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Stamp Crowell is one of a dwindling number of young people interested in duck hunting, a pastime explored in 'In the Blind,' which looks at how important hunters are to conservation efforts.

The cat’s out of the bag for the 2022-2023 hunting seasons, and with it comes the biggest change for young hunters in our state’s hunting history.

For years, youngsters 15 and younger didn’t have to have a license to take to woods, fields, swamps and marshes.

But, come July 1, hunters 17 and younger will must have a “valid, original youth (hunting) license,” to pull a trigger or loose a bow on the dozen or more species allowed to be taken in Louisiana.

It’s a $5 license, and was the result of new recreational and commercial licenses fees enacted by the 2021 State Legislature. The license will come with deer and turkey tags, and the new regulation applies to trapping and eligibility for youth lottery hunts on as many as 12 wildlife management areas during the next season.

Young fishermen won’t have the same fee. They will be able to ply their sport without a license. Even better is the Legislature finally established a nonresident native son/daughter fishing license to go along with the long-established hunting license covering the same folks.

This new license runs 10 days and will cost $17 each for basic and saltwater licenses. There’s also a new $5 “from the bank” license that covers fishing and crabbing.

Another big change comes for deer and turkey hunters (for the 2023 season). The new regulation allows hunters to use electronic tags to register the deer and turkeys taken in the field. Paper tags will be available, but this move will give hunters the freedom from finding a vendor for those paper tags.

The proposal stated that this move “would allow hunters to have either a picture of their tags or electronic tags while hunting to be legal” for deer and turkey seasons.

Most of next season’s other changes came in adding or removing seasons on Wildlife and Fisheries’ extensive wildlife management areas’ system.

One good thing is, after years of changes, they’re doesn’t appear to be any alterations in season dates or bag limits on federal lands within the state.

What’s more, other than calendar dates, there appears to be no changes in the structures of the resident game not migratory bird/waterfowl seasons.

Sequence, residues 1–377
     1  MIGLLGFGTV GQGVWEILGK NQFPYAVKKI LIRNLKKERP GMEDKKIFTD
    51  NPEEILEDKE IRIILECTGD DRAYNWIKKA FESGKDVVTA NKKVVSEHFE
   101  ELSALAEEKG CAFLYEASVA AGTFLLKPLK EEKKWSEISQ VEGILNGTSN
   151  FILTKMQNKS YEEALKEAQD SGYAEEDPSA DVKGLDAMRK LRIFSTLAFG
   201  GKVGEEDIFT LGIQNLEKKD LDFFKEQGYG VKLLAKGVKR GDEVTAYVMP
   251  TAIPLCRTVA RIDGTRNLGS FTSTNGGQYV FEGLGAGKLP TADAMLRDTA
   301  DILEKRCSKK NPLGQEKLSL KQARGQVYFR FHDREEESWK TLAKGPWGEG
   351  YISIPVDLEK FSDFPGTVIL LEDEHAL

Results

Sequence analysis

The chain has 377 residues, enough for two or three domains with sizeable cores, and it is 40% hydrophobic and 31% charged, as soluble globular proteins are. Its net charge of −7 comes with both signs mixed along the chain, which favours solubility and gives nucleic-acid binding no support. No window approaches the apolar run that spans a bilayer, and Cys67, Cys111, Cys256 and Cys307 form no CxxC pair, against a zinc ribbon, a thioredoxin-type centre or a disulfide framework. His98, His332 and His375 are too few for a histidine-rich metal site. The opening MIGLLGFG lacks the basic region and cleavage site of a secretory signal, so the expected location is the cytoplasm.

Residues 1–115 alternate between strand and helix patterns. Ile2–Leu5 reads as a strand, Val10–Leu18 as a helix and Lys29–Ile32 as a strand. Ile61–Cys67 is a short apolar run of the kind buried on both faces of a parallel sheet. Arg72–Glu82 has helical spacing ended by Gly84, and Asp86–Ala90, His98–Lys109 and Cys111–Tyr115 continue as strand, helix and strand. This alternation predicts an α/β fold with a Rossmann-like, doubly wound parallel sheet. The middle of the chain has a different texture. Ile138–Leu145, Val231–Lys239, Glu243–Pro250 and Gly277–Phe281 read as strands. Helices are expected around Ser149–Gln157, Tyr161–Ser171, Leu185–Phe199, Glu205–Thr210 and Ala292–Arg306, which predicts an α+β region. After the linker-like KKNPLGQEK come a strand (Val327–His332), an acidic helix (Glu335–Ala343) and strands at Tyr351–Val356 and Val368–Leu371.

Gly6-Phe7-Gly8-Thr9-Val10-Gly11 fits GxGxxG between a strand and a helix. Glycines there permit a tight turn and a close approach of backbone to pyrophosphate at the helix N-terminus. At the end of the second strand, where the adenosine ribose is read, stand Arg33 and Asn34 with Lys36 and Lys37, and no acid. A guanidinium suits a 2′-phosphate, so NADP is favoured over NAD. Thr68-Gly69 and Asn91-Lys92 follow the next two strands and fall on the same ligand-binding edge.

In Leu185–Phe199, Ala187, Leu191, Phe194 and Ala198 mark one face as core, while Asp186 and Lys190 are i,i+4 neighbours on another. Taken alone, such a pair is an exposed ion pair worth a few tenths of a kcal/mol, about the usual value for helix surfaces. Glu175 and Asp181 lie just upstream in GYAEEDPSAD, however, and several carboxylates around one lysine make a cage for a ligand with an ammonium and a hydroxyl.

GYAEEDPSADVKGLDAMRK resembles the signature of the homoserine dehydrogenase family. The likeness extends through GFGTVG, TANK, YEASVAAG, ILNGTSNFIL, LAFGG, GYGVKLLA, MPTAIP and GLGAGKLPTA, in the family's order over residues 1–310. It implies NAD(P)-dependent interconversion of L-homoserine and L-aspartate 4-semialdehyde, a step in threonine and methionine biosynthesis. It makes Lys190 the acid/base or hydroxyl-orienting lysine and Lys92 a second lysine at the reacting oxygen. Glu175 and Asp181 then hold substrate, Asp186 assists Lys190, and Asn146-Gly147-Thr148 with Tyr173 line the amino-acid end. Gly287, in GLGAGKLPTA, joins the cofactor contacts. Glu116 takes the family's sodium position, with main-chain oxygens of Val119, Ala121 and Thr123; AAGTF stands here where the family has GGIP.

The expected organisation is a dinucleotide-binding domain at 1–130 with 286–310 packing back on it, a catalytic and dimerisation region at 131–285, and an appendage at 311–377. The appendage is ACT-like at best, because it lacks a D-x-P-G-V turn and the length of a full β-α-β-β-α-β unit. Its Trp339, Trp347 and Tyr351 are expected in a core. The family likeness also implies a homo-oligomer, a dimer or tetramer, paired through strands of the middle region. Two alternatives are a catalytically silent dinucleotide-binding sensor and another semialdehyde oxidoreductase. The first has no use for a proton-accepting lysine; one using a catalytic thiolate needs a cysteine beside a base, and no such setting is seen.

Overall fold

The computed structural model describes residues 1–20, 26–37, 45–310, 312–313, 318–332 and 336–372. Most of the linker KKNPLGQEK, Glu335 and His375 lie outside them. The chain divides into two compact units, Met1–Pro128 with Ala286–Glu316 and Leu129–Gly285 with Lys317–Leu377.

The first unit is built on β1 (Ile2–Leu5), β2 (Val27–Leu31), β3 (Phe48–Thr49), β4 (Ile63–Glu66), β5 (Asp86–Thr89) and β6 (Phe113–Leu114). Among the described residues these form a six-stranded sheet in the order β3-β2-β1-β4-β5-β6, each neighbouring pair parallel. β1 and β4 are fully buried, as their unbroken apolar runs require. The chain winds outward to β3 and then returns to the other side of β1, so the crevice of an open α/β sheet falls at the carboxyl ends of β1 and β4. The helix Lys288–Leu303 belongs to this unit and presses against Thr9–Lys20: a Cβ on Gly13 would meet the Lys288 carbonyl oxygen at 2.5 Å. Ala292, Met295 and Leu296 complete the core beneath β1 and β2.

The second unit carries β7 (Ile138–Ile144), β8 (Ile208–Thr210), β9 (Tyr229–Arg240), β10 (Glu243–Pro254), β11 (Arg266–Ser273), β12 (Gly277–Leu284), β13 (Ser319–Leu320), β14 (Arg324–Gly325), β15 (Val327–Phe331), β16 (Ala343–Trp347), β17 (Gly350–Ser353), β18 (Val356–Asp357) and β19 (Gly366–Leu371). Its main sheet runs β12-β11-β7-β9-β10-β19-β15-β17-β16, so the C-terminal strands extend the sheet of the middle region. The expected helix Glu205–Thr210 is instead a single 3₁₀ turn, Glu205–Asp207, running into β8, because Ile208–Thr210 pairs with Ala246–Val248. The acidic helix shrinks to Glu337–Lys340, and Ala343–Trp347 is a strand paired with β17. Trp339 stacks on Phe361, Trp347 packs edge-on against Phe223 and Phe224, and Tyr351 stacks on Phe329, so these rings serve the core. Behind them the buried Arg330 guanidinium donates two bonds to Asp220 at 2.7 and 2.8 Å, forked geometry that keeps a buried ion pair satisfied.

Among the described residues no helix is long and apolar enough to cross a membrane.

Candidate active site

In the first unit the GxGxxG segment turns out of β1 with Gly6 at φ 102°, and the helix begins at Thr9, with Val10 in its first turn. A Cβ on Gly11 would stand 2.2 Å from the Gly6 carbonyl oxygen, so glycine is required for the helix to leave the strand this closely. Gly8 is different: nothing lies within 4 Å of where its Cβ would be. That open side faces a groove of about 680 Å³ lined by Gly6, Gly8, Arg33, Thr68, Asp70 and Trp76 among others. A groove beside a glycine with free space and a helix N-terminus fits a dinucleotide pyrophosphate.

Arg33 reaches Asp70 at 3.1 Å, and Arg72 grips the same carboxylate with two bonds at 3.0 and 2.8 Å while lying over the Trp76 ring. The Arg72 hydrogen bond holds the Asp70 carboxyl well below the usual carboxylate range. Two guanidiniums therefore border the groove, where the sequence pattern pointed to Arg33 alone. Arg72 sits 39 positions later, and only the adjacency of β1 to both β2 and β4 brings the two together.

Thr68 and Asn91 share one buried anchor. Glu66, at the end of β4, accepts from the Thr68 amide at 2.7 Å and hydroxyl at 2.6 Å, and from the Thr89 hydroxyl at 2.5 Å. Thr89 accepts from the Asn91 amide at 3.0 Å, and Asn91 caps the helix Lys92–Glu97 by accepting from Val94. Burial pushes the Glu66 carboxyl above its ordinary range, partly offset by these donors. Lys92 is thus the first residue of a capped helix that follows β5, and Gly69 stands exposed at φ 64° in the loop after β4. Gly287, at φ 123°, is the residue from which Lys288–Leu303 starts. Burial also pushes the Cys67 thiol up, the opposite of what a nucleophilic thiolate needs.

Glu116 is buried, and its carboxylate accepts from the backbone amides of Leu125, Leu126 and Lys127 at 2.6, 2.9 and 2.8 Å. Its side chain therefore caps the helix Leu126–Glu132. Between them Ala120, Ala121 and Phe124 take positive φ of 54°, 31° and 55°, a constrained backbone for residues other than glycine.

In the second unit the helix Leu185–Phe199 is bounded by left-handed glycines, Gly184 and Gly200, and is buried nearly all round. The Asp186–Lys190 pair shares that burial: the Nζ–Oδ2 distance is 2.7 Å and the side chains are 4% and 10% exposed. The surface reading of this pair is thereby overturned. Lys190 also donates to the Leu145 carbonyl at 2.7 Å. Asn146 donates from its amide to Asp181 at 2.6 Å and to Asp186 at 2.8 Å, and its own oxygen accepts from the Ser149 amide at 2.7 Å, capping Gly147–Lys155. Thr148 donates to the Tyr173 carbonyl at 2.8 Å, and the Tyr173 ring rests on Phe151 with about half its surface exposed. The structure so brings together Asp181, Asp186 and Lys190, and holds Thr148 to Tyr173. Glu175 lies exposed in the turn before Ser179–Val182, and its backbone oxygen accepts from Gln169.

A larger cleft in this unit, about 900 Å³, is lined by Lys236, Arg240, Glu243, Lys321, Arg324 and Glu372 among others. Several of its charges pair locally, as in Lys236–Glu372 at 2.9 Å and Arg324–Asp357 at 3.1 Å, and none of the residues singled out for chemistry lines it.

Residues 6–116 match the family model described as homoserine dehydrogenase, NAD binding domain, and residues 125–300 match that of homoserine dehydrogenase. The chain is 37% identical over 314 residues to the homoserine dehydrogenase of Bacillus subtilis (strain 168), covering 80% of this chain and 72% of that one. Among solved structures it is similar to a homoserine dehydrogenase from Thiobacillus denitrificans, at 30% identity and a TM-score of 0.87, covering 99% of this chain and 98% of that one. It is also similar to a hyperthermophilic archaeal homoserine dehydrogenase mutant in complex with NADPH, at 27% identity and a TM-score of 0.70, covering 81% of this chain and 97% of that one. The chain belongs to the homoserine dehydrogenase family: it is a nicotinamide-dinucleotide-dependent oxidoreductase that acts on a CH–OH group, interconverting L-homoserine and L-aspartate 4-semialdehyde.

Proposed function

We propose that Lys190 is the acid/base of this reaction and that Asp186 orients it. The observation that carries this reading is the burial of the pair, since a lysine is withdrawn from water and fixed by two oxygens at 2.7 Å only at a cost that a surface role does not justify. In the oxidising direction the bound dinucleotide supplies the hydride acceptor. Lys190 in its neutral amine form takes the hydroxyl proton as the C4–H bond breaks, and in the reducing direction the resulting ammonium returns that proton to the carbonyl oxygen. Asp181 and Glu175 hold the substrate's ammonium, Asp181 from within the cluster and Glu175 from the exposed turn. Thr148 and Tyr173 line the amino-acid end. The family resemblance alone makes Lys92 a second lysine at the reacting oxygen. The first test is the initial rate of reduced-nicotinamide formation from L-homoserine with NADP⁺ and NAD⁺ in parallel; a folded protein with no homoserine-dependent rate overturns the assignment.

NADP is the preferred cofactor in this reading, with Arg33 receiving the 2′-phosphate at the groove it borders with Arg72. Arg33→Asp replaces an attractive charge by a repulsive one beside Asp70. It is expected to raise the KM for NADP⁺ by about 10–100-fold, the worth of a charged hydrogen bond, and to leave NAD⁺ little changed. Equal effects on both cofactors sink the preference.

Here’s an abbreviated list of the WMA changes state Wildlife Division managers proposed during Thursday’s Wildlife and Fisheries Commission meeting:

  • Adding 15 days to the archery-for-deer season on the Tunica Hills WMA;
  • Establishing a limited-use area on Bodcau WMA to provide a safety zone around the Bodcau shooting range;
  • Adding a day for either-sex deer hunting with primitive firearms on the Camp Beauregard WMA, and a youth lottery turkey hunting day on the Clear Creek WMA;
  • Changing either-sex, primitive firearms deer hunting days to bucks-only hunts on the Maurepas Swamp and Joyce WMAs;
  • Eliminating the seven-day, bucks-only firearms deer season on the Pomme de Terre WMA due to “...concerns of declining deer population.”
  • Prohibiting fishing, crabbing and cast netting or any other activities or trespassing on water control structures on the Pointe-Aux-Chenes WMA;
  • Requiring a permit for campers on WMAs.

The complete proposed seasons and regulations changes are on the Wildlife and Fisheries website:

All concerned can make public comment through 4 p.m., March 3 to Tommy Tuma, LDWF Wildlife Division, P.O. Box 98000, Baton Rouge, LA. 70898-9000 or by email:

Public comment will be taken during the Feb. 3 and March 3 Wildlife and Fisheries Commission meetings in Baton Rouge.

LDWF managers are scheduled to hold public meetings on the seasons and regulations. With the continued spread of COVID, these public meetings likely will be held via Zoom. The announcement will come during the commission’s February meeting.

Red snapper

The latest count from our state’s LA Creel monitoring system is recreational fishermen took 813,386 pounds of red snapper through Dec. 26. That’s 99% of 2021’s 816,439-pound allotment. The season closed Dec. 31.

First tournament

Ryan Lavigne announced south Louisiana’s first big bass tournament of the year for Feb. 5. It's the annual pick-your-partner Fishing for Tucker event set for Doiron’s Landing in Stephensville.

The sponsor, Ascension Area Anglers, set a $100 entry fee with proceeds benefiting the family of Tucker Townsend, a youngster battling Mitochondrial Disorder.

Lavigne said fishermen must stay north of U.S. 90, and includes the open waters of the Atchafalaya and Verret basins.

You can call Lavigne at (225) 921-9332 or go to the tournament’s website: